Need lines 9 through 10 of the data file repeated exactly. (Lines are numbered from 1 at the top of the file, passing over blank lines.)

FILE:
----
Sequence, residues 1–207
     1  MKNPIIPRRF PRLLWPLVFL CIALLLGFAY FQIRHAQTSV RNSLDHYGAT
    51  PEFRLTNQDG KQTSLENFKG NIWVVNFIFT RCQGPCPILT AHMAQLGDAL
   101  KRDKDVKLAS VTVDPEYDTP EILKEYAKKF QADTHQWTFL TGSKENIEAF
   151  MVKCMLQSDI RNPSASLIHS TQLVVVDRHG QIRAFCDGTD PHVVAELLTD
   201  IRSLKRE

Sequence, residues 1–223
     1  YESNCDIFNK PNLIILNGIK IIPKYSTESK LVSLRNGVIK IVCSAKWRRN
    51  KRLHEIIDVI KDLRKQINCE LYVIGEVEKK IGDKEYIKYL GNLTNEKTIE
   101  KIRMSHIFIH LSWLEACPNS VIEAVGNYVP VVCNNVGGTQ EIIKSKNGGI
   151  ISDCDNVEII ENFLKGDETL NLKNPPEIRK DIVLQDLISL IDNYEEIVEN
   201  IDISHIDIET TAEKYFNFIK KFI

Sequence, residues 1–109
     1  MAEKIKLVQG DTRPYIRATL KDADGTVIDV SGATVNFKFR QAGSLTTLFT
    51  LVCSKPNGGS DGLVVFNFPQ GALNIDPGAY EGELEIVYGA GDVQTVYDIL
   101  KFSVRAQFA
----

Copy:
    51  KRLHEIIDVI KDLRKQINCE LYVIGEVEKK IGDKEYIKYL GNLTNEKTIE
   101  KIRMSHIFIH LSWLEACPNS VIEAVGNYVP VVCNNVGGTQ EIIKSKNGGI